Snider, Mary (1863-1930)

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Mary Snider: career woman and church leader, was born 13 January 1863 on a farm near Waterloo, Ontario, Canada to Samuel S. Snider (9 October 1821-24 March 1912) and Anna (Snider) Snider (23 July 1824-23 April 1890). She was the eleventh child in a family of 15. She was a members of Berlin Mennonite Church (First Mennonite) in Berlin (Kitchener) and later of Stirling Avenue Mennonite. Mary, who never married, died 26 February 1930 and is buried in the Erb Street Mennonite cemetery in Waterloo..

Few Mennonite women had careers that placed them in the “world” in the 1890s but Mary did. She was named the first matron of the Berlin Orphanage in December, 1896. Mary was paid eight dollars a month and her two assistants received six dollars each. A local doctor provided free medical service, and free shoe repairs helped stretch the thirty-dollar monthly budget. Under Mary's leadership, the orphanage, which began with 15 children in 1894, had provided shelter for 100 children by May 1901.

One May morning in 1904 Mary discovered a newborn baby boy in a basket on the orphanage's front steps. She took him in and soon formed a strong bond with the infant. Although she was a single woman, Mary adopted him and named him James Edward. He was known as Edward, received a good education, was active at Stirling and was elected Sunday school superintendent in 1928.

In the 1920s, Mennonite Conference of Ontario leaders pressured ministers to discipline women who wore hats rather than the regulation bonnet. Mary raised her voice in this dispute, complaining that a dress code for women but not for men was unfair. Continuing to wear her hat, Mary was a model for other Mennonite women who had city jobs. The “bonnet issue” became a membership test at First Mennonite. Members who opposed the regulation were excommunicated. Some of these dissidents, including Mary Snider, formed a new congregation, Stirling Avenue Mennonite, in August 1924. Mary, active at Stirling, suggested new projects such as a cradle roll Sunday school department. She was named its first superintendent in 1927.

Mary Snider had been at the forefront in the formation of the Sisters' Aid (later Ladies' Aid) at Berlin Mennonite Church, partly in response to a need for clothing at the orphanage. Mary was elected assistant-secretary treasurer at the inaugural meeting in July 1908. After the church split, women from the two congregations continued to meet together until the Women's Missionary Society (WMS) of the Stirling Avenue Mennonite Church was formed on 25 March 1925. Mary was elected president. The WMS not only provided clothing and canned goods for the orphanage but also supported other organizations beyond the Mennonite world like the Women's Christian Temperance Union, the Victorian Order of Nurses, the Freeport Sanitarium and a leprosy mission.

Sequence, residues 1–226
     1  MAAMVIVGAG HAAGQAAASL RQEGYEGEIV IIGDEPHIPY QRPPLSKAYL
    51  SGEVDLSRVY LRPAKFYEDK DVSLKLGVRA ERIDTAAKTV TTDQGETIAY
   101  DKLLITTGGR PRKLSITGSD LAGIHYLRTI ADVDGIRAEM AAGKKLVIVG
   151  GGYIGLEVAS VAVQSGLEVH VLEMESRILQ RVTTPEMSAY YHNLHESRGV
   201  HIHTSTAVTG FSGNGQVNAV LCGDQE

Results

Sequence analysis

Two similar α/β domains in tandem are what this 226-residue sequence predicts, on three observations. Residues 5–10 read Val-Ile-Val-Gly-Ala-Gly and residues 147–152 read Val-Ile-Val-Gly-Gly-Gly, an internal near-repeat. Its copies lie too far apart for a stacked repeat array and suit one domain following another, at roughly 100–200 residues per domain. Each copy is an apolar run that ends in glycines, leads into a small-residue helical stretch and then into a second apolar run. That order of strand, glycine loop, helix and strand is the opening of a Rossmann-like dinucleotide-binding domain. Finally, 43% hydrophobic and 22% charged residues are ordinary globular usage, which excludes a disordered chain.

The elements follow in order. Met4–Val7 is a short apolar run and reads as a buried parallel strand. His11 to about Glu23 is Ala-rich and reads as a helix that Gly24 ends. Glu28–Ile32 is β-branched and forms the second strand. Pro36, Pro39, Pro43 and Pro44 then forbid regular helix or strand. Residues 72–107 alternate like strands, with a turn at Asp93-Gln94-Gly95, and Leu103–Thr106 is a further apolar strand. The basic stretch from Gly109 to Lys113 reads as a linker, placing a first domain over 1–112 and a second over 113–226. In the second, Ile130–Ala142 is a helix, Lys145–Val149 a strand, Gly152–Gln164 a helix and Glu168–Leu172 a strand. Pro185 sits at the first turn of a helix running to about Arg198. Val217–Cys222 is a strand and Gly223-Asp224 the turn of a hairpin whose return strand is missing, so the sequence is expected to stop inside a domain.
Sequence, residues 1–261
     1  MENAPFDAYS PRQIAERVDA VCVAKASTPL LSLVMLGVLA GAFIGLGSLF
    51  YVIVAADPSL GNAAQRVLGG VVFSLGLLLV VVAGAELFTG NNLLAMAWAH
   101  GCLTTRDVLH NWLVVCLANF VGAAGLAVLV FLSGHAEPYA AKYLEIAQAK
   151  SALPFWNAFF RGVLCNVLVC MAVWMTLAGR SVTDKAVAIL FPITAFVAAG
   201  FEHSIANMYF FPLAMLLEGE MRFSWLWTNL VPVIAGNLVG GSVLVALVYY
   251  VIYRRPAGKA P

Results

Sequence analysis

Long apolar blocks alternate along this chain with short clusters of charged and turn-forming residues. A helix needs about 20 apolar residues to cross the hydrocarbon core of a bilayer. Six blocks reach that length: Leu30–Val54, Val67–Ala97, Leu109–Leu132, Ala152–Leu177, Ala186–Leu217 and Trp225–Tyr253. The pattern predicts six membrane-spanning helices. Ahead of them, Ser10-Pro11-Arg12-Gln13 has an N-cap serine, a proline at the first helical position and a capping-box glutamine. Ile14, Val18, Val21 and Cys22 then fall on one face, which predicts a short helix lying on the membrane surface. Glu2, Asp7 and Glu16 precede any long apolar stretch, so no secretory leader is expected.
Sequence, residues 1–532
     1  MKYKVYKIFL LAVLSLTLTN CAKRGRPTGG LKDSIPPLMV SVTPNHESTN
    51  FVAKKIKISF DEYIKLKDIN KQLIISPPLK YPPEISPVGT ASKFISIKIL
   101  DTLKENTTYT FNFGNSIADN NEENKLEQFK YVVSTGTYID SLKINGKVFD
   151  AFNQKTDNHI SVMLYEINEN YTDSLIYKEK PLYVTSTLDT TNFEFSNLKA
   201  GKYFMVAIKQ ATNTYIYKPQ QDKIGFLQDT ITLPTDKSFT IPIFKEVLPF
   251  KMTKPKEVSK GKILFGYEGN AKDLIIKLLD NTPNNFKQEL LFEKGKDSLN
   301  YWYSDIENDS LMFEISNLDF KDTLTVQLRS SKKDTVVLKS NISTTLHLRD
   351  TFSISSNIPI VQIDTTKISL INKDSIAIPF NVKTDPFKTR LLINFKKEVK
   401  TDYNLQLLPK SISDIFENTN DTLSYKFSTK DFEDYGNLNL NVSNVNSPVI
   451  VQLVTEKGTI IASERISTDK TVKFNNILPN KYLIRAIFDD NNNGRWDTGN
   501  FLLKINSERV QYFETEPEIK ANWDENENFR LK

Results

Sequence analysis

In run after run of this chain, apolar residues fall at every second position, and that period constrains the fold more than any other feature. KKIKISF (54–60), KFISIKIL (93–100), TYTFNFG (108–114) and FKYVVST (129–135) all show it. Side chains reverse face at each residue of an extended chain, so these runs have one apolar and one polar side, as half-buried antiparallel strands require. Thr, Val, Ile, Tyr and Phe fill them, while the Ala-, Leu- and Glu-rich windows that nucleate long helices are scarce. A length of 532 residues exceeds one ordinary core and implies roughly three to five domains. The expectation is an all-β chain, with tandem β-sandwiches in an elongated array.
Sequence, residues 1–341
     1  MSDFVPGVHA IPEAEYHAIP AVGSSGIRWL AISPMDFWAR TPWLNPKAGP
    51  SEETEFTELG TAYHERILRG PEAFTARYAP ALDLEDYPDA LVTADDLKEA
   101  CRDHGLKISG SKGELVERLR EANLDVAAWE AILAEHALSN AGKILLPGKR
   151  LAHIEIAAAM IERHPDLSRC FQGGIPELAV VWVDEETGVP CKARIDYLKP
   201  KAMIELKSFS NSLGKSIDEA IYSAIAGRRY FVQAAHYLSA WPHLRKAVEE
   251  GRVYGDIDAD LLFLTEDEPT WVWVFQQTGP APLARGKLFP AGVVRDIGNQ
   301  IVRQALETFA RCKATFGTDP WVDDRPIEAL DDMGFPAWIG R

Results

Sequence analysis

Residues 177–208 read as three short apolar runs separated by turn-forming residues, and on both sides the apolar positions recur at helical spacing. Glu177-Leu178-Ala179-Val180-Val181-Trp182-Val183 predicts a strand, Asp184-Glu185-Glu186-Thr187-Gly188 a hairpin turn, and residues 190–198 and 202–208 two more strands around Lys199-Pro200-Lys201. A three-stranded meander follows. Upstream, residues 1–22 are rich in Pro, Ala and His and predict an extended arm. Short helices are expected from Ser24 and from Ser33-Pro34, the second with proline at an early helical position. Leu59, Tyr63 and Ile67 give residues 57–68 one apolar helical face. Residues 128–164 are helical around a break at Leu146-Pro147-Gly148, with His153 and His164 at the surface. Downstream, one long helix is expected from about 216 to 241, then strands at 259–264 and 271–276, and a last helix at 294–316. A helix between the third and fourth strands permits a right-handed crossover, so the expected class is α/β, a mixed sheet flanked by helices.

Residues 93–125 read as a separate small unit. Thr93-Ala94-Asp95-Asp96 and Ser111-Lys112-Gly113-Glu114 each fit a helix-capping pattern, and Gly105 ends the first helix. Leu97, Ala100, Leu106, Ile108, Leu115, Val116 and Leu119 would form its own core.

Mary resigned as matron of the orphanage about 1927. Some months after her son Edward was married, he suffered a ruptured appendix. Peritonitis set in and he died on 23 February 1930. Mary died on the day of Edward's funeral, some say of a broken heart. The two deaths were a stunning loss to the Stirling Ave. Mennonite Church.

Mary was described as an energetic and capable leader in her church, aware of and responding to the needs in her city and community; she was interested in the wider world.


Good, E. Reginald. Frontier Community to Urban Congregation: First Mennonite Church, Kitchener 1813 – 1988. Kitchener, Ontario: First Mennonite Church, 1988.

Harder, Laureen. Risk and Endurance: A History of Stirling Avenue Mennonite Church. Kitchener, Ontario: Stirling Avenue Mennonite Church, 2003.

"Mary Snider." Waterloo Region Generations. Web. (accessed 2 January 2015).

Roth, Lorraine. Willing Service: Stories of Ontario Mennonite Women. Waterloo, Ontario: Mennonite Historical Society of Ontario, 1992.

Author(s) Ferne Burkhardt
Date Published January 2015

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Burkhardt, Ferne. "Snider, Mary (1863-1930)." Global Anabaptist Mennonite Encyclopedia Online. January 2015. Web. 20 Jan 2022.,_Mary_(1863-1930)&oldid=130364.

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Burkhardt, Ferne. (January 2015). Snider, Mary (1863-1930). Global Anabaptist Mennonite Encyclopedia Online. Retrieved 20 January 2022, from,_Mary_(1863-1930)&oldid=130364.

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